Helen Rodriguez-Trias (1929-2001) was doctor, women’s right’s advocate and health educator. Born in New York in 1929 to Puerto Rican parents, Helen Rodriguez-Trias was motivated, early-on in life to help others. She graduated from the University of Puerto Rico in 1957, where she was a student advocate and member of the Puerto Rican Nationalist Party. Inspired by her desire to “combine the things [she] loved the most, science and people” Helen Rodriguez-Trias returned to the University of Puerto Rico, where she earned her medical degree just a short time before giving birth to her fourth child in 1960. During her residency at the University Hospital in San Juan, Puerto Rico, Helen Rodriguez-Trias established the first center for the care of newborn babies. Within three years of the center’s establishment, the hospital experienced a 50% decrease in newborn deaths.
In 1970 Helen Rodriguez-Trias divorced her husband and returned to New York City, where she worked as a pediatrician at Lincoln Hospital, located in the South Bronx. During her residency in Puerto Rico Helen Rodriguez-Trias became aware that Puerto Rican women were being involuntarily sterilized and were being used as test-subjects for early birth-control pills, and later utilized role as a pediatrician in New York City to become a pioneering advocate against the forced sterilization of women within Puerto Rico and the mainland, United States. Helen Rodriguez-Trias became the founding member of the Committee to End Sterilization Abuse in 1970, a founding member of the Women’s Caucus of the America Public Health Association in 1971, and a founding member of the Committee for Abortion Rights and Against Sterilization Abuse in 1979. She testified before the Department of Health, Education and Welfare, advocating for guidelines that required written consent for sterilization, in a language that the patient can understand, and the implementation of a waiting period between consent and the sterilization procedure.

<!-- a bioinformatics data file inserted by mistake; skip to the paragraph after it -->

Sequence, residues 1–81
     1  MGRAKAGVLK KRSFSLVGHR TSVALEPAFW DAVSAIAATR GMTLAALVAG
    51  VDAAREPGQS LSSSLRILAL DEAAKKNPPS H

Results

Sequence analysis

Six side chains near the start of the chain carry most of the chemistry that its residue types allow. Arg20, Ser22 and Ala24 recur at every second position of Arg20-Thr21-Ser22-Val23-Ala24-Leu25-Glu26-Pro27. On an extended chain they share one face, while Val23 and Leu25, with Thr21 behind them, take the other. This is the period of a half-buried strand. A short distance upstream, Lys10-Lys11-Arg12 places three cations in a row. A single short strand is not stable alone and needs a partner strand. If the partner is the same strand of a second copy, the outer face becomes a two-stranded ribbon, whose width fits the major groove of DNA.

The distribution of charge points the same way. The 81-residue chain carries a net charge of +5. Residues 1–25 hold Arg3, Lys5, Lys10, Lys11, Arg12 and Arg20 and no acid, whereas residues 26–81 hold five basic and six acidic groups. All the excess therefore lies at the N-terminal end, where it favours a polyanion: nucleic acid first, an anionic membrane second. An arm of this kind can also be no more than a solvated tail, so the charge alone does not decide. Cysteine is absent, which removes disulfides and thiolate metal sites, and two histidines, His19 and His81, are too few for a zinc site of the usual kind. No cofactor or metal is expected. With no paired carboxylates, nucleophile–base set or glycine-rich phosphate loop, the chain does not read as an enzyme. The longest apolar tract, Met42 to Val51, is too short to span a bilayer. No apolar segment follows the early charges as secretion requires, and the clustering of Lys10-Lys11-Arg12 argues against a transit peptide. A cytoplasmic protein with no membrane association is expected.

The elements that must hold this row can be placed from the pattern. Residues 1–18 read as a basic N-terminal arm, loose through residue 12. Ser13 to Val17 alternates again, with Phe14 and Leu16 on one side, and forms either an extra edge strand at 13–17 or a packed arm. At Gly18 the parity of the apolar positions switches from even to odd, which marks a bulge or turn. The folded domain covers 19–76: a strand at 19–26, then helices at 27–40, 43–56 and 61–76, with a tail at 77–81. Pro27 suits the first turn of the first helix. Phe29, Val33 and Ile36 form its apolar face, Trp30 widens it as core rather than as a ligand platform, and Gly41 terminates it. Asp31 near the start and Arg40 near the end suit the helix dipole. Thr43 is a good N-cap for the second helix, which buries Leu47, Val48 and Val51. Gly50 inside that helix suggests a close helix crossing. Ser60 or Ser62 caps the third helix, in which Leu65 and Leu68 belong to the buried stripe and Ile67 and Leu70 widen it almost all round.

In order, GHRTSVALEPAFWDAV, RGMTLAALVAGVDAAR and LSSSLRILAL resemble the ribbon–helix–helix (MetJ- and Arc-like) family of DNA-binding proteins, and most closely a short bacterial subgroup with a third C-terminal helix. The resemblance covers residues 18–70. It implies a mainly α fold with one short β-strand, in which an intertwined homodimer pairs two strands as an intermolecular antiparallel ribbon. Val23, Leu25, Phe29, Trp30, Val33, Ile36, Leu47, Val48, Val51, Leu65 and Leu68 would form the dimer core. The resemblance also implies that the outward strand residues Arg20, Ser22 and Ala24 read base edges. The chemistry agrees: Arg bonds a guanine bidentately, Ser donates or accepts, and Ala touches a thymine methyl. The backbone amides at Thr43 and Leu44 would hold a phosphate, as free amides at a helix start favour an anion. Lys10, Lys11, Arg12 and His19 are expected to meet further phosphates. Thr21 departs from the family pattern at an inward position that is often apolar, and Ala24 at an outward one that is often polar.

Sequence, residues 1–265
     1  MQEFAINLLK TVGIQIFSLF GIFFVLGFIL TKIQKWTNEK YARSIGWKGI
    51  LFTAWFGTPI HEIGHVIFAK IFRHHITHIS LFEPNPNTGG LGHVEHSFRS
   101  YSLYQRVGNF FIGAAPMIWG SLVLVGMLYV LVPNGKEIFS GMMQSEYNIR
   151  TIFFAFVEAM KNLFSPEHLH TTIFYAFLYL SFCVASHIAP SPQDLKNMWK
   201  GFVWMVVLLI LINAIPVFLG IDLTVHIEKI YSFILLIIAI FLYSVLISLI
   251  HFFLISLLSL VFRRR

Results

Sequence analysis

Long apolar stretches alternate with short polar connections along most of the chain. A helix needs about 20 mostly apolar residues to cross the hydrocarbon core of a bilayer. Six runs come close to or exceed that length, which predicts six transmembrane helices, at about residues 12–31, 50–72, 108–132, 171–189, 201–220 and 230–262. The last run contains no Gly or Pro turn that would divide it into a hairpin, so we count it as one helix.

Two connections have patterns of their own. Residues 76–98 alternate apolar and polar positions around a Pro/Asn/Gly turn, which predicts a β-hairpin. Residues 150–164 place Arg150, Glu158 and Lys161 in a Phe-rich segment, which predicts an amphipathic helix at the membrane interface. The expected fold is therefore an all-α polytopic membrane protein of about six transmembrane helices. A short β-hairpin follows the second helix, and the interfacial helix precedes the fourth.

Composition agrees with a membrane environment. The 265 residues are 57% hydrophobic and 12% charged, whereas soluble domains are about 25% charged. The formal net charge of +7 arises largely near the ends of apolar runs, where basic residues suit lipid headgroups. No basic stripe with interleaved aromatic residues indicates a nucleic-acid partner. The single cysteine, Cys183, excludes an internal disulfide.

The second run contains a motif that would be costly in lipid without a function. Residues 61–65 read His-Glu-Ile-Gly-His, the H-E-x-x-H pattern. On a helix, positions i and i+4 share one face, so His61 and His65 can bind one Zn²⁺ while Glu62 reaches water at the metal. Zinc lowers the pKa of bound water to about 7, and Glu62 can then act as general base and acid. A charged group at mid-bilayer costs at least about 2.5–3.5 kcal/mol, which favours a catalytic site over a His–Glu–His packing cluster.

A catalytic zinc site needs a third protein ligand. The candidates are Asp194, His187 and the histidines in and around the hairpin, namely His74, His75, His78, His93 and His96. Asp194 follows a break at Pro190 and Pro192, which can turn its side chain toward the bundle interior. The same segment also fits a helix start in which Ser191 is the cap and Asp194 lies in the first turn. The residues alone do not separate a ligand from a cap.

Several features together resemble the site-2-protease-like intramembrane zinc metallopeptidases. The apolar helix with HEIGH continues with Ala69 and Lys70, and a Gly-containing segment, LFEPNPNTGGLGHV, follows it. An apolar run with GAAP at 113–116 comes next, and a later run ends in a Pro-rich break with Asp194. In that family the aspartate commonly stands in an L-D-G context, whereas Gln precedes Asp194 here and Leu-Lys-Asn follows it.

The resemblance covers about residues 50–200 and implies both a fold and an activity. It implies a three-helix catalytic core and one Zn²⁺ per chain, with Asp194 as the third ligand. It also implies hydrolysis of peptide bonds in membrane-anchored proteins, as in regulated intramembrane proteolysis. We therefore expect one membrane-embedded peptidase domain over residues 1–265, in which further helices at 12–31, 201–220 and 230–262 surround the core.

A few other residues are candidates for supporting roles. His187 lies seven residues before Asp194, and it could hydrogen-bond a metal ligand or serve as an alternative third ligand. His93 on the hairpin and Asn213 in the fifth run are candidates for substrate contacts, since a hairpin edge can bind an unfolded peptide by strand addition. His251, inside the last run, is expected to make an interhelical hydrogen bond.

In 1993 Helen Rodriguez-Trias became the first Latina to be elected president of the America Public Health Association, and in 2001 received the Presidential Citizen’s Medal—the second highest civilian award in the United States— for her work on behalf of women, children, and the less privileged.
Inspired by the experiences of her mother, aunts and sisters, Helen Rodriguez-Trias became an effective advocate and educator, affecting tangible change in healthcare options and education for women of color, patients living with HIV/AIDS and families living in poverty. After a lifetime of working to provide a wide-variety of people with healthcare and health education, Helen Rodriguez-Trias passed away in December 2001, due to complications from cancer.
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